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One of my dirty little liberal arts secrets is that I took a philosophy course to fulfill my undergraduate math requirement. I know, I know: hurf durf English majors and all that. But the course was “The History of Logic,” and I loved the hell out of it. It was in this musty old classroom about a quarter mile’s hike from my dorm room, and the professor was this impossibly geeky old gentleman, who had a predilection for those überacademic sweaters—you know, with the leather patches on the elbows—but was prone to working Monty Python references into his lectures. Socratic syllogisms were never so much fun.

Anyway, I’m a decade or so removed from my literature degree, and an additional year or two removed from that class in particular, so my command of various terms is, well, thoroughly shot at this point. But lately I’ve been noticing how many discussions about responsive web design revolve around the same fallacy.

Now, I realize “fallacy” seems like a loaded term. But really, it isn’t: in its most basic, rhetorical form, a “fallacy” is a structural flaw in an argument. A fallacious argument isn’t even necessarily wrong—in fact, it can be completely and utterly correct, factually speaking. But the logic used to reach the conclusion is just a little off.

Here’s a quick example. Let’s say I walked up to you and said,

“It’s raining outside. Therefore, the sun isn’t shining.”

The problem with that statement is the second sentence doesn’t follow from the first. The result is evidence (“It’s raining outside”) that doesn’t support the conclusion (“The sun isn’t shining”). Now, that conclusion could be completely correct: the sun might very well have ducked behind a raincloud. But the logic I used to reach that conclusion is flawed. In short, it’s based on a fallacy.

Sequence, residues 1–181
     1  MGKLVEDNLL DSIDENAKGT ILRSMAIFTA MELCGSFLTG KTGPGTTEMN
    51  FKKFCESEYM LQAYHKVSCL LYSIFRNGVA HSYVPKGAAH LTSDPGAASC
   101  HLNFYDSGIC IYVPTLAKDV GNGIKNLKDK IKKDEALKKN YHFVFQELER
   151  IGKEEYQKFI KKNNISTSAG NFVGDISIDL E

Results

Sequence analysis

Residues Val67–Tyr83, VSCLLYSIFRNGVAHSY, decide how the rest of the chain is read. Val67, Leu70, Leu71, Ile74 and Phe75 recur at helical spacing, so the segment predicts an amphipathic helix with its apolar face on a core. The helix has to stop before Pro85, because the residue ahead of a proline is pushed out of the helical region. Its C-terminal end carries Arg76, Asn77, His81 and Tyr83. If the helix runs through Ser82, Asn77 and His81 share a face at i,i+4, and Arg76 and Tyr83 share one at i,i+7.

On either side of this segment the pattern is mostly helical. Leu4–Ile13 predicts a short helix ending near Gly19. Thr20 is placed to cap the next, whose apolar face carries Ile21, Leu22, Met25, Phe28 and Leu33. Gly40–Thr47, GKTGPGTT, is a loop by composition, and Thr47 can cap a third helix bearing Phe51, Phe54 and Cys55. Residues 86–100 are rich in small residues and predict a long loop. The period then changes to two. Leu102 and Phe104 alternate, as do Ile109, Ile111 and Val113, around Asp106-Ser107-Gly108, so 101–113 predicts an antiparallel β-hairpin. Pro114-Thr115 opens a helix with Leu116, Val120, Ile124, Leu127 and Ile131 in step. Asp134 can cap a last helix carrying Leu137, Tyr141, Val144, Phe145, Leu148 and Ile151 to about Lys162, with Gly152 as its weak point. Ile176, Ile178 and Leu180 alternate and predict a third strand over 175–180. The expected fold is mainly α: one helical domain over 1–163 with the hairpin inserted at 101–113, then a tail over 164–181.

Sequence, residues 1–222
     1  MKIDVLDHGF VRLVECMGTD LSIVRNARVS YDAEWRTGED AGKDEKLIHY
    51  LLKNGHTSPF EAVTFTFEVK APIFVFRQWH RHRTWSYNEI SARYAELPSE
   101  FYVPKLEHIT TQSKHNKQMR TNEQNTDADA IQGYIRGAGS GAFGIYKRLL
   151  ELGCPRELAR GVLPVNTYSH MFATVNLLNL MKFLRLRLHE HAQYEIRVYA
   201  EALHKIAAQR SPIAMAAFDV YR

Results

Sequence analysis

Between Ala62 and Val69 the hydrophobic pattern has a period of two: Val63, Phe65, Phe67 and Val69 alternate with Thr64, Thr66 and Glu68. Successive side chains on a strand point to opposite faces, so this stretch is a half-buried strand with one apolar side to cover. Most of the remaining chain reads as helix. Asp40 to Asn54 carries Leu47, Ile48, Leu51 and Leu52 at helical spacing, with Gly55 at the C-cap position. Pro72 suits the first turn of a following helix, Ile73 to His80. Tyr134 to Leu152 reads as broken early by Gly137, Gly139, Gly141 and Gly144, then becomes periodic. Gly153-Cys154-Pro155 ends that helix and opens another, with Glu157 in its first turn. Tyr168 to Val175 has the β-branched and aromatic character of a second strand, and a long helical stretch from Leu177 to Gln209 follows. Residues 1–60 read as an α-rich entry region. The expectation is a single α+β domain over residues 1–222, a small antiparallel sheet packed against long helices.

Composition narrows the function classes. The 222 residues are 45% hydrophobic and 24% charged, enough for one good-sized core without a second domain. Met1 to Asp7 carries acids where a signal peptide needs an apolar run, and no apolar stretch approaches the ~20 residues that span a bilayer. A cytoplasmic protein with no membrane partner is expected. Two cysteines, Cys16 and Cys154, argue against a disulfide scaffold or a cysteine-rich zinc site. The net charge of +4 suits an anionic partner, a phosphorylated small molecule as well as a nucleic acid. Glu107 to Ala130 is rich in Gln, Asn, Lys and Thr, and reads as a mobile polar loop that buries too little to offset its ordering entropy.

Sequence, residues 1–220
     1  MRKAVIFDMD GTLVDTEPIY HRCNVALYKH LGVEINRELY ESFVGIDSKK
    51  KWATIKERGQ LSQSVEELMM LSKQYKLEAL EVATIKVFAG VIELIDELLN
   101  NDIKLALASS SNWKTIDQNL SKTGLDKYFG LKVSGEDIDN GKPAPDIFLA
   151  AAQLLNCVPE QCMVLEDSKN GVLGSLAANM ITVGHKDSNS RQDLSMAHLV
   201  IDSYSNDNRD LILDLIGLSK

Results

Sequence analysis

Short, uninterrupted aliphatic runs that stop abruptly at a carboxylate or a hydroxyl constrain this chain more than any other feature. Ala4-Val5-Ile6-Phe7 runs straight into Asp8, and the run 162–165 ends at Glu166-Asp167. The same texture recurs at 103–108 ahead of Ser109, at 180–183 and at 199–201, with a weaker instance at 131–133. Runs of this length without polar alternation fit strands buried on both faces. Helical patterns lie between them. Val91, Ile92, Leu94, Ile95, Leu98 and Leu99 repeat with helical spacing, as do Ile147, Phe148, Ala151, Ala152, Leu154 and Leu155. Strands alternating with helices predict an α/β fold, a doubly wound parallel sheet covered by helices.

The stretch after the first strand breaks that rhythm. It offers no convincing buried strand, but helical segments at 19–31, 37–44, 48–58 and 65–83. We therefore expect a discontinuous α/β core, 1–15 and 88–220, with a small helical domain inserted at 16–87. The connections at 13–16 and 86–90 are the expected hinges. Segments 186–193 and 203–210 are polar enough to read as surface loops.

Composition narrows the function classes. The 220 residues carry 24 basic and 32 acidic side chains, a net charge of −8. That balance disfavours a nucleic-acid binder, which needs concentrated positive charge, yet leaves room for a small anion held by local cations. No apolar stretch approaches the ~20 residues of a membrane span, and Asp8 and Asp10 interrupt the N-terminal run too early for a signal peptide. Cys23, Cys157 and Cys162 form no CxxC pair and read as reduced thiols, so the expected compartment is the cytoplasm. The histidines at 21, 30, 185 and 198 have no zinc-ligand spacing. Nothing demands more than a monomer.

What about this one?

“Different devices always require different experiences. Therefore, responsive design is flawed.”

There’s no fallacy there: taken at face value, the premise supports the conclusion. Now, that doesn’t mean I agree with that reasoning at all—in fact, I’d disagree quite stridently, and we’d be off to the races with an entirely separate discussion altogether. And we can debate those positions ad infinitum, ad nauseam, or some other ad of your choosing.

But here’s the thing: with a few notable exceptions (this shoddy primer on logic terms among them), very few people are making that assertion. Instead, you’ll see something like this pop up:

“I need to design a different experience for different contexts. Therefore, responsive design is flawed.”

Now, I’m not quoting anyone in particular here; this point just pops up frequently in discussions about responsive web design. And yes, it’s a fallacy. Let me see if I can explain why.

When I’m speaking or writing about responsive design, I try to underline something with great, big, Sharpie-esque strokes: responsive design is not about “designing for mobile.” But it’s not about “designing for the desktop,” either. Rather, it’s about adopting a more flexible, device-agnostic approach to designing for the web. Fluid grids, flexible images, and media queries are the tools we use to get a bit closer to that somewhat abstract-sounding philosophy. And honestly, a more unified, less fragmented approach resonates with my understanding of the web on a fairly profound level.

But I’m not interested in a religious debate. And chances are good that you’re not, either.

I really do believe responsive design can be a great way to design for our ever-changing web. Sure, I’ve got some fairly evident biases on that front: but with the right planning, implementation, and forethought, it can be a damned compelling approach.

But let’s say that your project—or more specifically, your audience—is better served by a mobile-/tablet-/$DEVICE-specific experience. Heck, I’ve worked on a number of projects that benefitted from that approach: where a separate mobile site was needed, and where a responsive approach would’ve been less than ideal. That decision wasn’t driven by any “mobile vs. desktop” mindset, though: it was dictated by research, by our content strategy, and by studying the needs of that site’s particular audience.

A fair bit of the book’s conclusion talks about this process. Because maybe your site is better served by a separate mobile site than by a responsive approach. Or maybe the reverse is true: maybe a responsive approach is more appropriate. The moral here is that you should tailor the approach to the project, and put the polemic aside. Because nobody knows your project, your audience, better than you do. Anyone who suggests otherwise is committing a different kind of fallacy.